Batching issues tend to have a profound influence on the flow characteristics of a manufacturing plant, and substantial gains can be made by properly understanding underlying principles. Almost all kinds of automotive operations are associated with large batching operations. The following are the commonly found large batching operations in the automotive manufacturing units:
- Forging – Forging Presses
- Casting – Core making and Moulding Machines
- Plastic Components – Plastic Moulding Machines
- Sheet Metal – Metal Presses
Conventional operational thinking is based on maximizing the utilization of these batching machines. But one of the major issues with large batch sizes needed for maximization of capacity utilization is that it increases the overall production lead time and leads to poor on-time delivery to customers. This is because executing large batches results in ‘capacity stealing’ – i.e. the capacity is utilized for the production of items that are not needed in the immediate time horizon at the cost of immediately required items and/or items required for confirmed orders.
Large batches at batching machines can also create ‘Capacity Waves’ at downstream operations. This is largely due to the fact that the space available between the large batching machines and downstream operating machines/lines is limited and downstream operations are forced to ‘suck’ the inventory created by the large batching machines.
Figure 1: “Peak and Lean Production Periods”
The situation becomes worse in the cases where the batching machine is feeding multiple manufacturing lines downstream. Such a phenomenon creates ‘lean’ and ‘peak’ production periods across lines. ‘Lean Periods’ are essentially near starvation of the downstream processes and may lead to the idling of labour, whereas during ‘Peak Periods’, the downstream processes are flooded, often leading to overtime situations. A figurative representation is presented in figure 1.
The conventional way of operation which essentially focuses on utilization, with the above-mentioned consequences, makes them appear as constraining machines, and planners plan the entire production considering these machines as constraints. On the contrary, in most of the plants, it has been our experience that the batching machines have never emerged as internal constraints in the manufacturing setup. These batching machines tend to have sufficient excess capacity. The deluge of inventory lying past these machines clearly points out that these machines are not constraints to the flow in such situations. The real constraints have largely been found to be in the downstream operations! For instance, in the case of sheet metal operations, the constraint is mostly found in the welding and finishing operations, whereas in castings, it is found in fettling and finishing operations.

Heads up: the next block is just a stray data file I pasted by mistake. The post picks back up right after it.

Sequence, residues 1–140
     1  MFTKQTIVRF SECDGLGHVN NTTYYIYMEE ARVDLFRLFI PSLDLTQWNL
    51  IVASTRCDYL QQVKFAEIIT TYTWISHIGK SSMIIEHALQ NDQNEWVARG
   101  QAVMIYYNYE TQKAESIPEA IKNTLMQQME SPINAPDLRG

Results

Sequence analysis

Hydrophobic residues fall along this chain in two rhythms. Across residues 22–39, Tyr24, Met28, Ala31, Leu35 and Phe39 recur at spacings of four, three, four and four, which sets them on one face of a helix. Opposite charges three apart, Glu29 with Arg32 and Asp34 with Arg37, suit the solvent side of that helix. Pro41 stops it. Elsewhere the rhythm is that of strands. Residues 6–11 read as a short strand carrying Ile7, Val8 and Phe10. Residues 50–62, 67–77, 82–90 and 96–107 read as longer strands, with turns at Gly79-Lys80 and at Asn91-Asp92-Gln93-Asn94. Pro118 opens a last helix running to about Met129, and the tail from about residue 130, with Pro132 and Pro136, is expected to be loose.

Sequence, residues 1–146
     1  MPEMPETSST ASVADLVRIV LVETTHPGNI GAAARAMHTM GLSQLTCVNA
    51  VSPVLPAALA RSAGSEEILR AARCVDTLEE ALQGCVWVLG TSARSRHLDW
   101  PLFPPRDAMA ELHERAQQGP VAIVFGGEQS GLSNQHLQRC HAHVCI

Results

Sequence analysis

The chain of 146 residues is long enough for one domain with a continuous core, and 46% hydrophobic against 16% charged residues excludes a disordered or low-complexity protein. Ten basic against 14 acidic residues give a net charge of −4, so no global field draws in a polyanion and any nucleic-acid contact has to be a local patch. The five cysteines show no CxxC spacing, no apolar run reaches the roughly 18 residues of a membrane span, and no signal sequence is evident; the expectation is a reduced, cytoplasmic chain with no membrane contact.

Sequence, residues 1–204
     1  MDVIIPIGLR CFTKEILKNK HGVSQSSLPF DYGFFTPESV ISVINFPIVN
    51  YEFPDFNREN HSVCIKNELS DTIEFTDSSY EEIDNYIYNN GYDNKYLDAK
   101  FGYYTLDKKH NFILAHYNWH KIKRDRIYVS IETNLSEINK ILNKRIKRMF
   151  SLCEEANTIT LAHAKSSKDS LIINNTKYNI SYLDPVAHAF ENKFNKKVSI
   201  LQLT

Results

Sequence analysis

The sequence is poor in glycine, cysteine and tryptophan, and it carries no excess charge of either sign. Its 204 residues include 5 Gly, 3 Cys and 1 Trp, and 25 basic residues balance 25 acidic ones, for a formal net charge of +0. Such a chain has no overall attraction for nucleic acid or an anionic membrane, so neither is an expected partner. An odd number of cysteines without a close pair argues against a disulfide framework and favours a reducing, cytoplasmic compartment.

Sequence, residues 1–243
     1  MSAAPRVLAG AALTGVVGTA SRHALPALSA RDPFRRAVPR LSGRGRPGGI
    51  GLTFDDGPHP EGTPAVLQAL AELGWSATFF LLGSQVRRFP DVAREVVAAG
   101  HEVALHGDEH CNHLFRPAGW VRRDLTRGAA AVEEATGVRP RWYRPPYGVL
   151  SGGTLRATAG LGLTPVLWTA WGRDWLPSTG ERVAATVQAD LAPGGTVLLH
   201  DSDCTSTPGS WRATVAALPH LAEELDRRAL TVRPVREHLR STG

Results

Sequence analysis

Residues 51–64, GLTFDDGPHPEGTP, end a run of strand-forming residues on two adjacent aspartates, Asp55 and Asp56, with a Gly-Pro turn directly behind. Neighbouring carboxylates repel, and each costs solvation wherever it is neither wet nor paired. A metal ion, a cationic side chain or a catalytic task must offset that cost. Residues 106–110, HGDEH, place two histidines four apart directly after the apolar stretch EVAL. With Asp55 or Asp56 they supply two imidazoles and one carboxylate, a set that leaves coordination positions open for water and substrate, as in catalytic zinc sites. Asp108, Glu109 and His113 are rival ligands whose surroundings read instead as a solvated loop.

As mentioned earlier, increased batch sizes will decrease throughput and lead to poor on-time delivery to customers. Moreover, increased batch size also affects work-in-process inventory levels, manufacturing lead time, local and global safety time issues, and finished goods stock levels by increasing them. Therefore, since batching on a non-constraint at the plant is undesirable – ideally, batch sizes should be reduced to levels required for consumption in downstream processes or for orders in the immediate horizon. But, on the other hand, smaller batches increase the number of setups which in turn can totally erode the protective capacity of the non-constraint machine converting it to a constraint machine. This can also then result in poor on-time performance.
This phenomenon of a batching process can be depicted by an ‘Inverted U Curve’ where both extremes are non-optimal points and should be avoided. The optimal capacity and high ‘On-Time Performance’ occurs somewhere in the middle of the U Curve. This means that large batches with an eye on utilization or very small batches based on immediate consumption can both be detrimental to the plant. The optimal point for different machines with different capacities needs to be identified through an iterative process, but it will be found between these extremes (Refer figure2).
In such scenarios of batching operations, it is also essential to decouple the batching machine from the downstream operations. This is to allow these machines to have the flexibility to be out of sync with the rest of the operations downstream without creating disruptions of in flow in either. Placing buffers immediately after the machines will result in a capacity release from the existing batching machines and help in moving close to the optimal capacity. The batching machines will now respond to the trigger received from their buffer consumption, making it possible for these machines to take larger batches. But since the downstream activities now consume from this buffer, the cycles of starvation and flooding are also averted. These downstream activities will act as an independent system with its WIP being controlled by a trigger from the FG inventory consumption and ensuring on-time delivery to the consumer.
Figure 2: “Inverted U Curve” of a batching machine
It may sometimes be observed that capacity release obtained by reducing the batch size (i.e. stopping excess production of only one type of component) may not be enough to offset an extra set-up. This is a phenomenon where the ‘Inverted U Curve’ has the points A, B, and C very close to each other. This implies that the spare capacity available at the batching machine is very less, and immediate improvement techniques based on SMED has to be deployed.